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Woodford investors suffer 20pc haircut as healthcare stocks sold off

Taha Lokhandwala
Neil Woodford

Investors trapped in Neil Woodford’s scandal-hit Equity Income fund are nursing a hefty loss after administrators sold its small and private healthcare stocks at a significant discount.

Days after the first anniversary of the fund's suspension, administrator Link said it had offloaded its health holdings to US investor Acacia Research Corporation for £224m.

The update came as law firm Nelsons announced it was considering action against the administrator for its part in the Woodford scandal, which trapped hundreds of thousands of savers' money in high-risk and hard-to-sell stocks following a string of catastrophic bets by the one-time star fund manager.

The sale to Acacia means the fund now has £224m of cash which it can distribute to investors as the winding-up process continues.

As of June 3 the portfolio was only worth £444m, including the £224m of cash, compared with £558m before the sale.

This shows the healthcare stocks were sold at a substantial discount and the remaining investments have also fallen in value. Investors’ remaining savings are 20pc lower as a result.

Link said it could not give a date for when the money will be returned to investors. It said the sale of the stocks to Acacia could take up to six months and will give a further update by 29 July.

The administrator was also tight-lipped on what will happen with the remaining £220m still invested in privately held firms. Investment companies BlackRock and Park Hill have been advising Link on the sale process.

Link said: “This agreement with Acacia will enable us to distribute money  to investors in due course.”

Some £2.3bn has been returned to investors since the decision to close the fund and sack Mr Woodford in October last year.

June 3 marked was the first anniversary since Mr Woodford was forced to shutter his fund after running out of ready cash to pay back investors following a stampede for the exit. The manager had invested too much in difficult-to-sell small and private companies, leaving funds inaccessible.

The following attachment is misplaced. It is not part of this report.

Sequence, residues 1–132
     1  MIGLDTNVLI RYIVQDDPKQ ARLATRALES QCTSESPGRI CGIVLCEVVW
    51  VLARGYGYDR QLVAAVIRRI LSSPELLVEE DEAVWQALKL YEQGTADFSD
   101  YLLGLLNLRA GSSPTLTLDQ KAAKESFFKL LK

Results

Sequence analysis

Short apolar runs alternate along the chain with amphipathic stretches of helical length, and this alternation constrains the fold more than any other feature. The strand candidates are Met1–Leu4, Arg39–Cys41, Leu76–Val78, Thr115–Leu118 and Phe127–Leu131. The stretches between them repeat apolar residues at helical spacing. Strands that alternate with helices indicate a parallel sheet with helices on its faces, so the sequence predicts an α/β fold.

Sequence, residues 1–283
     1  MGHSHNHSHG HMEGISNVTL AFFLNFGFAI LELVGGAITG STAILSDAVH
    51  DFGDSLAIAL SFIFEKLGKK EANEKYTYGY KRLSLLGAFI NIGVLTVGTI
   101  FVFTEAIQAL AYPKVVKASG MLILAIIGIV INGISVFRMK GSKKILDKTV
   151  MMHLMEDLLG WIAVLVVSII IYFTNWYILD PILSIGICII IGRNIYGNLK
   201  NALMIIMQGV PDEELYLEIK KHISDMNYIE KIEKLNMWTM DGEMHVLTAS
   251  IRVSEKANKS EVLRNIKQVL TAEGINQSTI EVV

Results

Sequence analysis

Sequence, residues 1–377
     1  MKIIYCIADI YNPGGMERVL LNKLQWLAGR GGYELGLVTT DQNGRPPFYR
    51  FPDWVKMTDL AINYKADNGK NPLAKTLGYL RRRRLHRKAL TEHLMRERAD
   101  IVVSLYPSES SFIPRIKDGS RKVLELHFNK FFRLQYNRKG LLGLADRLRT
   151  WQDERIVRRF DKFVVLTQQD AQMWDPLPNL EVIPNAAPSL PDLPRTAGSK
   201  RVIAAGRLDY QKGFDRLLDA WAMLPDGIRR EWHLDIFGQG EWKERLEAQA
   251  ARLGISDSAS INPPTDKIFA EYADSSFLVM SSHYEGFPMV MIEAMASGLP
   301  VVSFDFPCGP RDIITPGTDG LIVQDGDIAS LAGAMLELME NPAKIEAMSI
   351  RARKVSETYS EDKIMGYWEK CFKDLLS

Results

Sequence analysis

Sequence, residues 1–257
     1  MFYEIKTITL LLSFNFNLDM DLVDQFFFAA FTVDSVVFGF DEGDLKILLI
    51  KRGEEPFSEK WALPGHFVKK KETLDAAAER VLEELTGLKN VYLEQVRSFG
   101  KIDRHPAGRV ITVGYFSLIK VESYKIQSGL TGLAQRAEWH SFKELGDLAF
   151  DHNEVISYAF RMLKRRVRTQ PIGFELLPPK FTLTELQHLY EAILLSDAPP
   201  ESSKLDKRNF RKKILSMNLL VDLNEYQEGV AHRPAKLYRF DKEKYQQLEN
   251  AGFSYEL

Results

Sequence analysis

At the time the fund was worth £3.5bn. Even if investors get back the remaining £444m in full - which is highliy unlikely - losses since it shut will be staggeringly high.

Lawyers have been rushing to assemble class action cases over the disaster, with most focused on broker Hargreaves Lansdown after it repeatedly plugged Woodford funds in its best buy lists.

Today, Nelsons said it would also target Link over its failure to intervene earlier than June 2019. Link was tasked with making sure that the fund was being run safely and in line with the rules, and - apart from Mr Woodford - was the only player involved able to see the rise in risky bets, lawyers have claimed.

Cathryn Selby of Nelsons said investor losses could have been avoided had Link done its job properly and stepped in sooner.

She added: "Link had a fiduciary role and a regulatory obligation to ensure that the fund was run in the best interests of investors, ensuring they were protected and treated fairly."

The case against Link will focus on claims it allowed Mr Woodford to dodge rules which bar managers from investing more than 10pc of a fund in unlisted stocks.

As a bypass, the manager listed the fund's shares in private companies on the Guernsey stock exchange. This meant that for regulatory purposes they were classed as being listed shares but in reality were no more easy to trade than before.

Link declined to comment.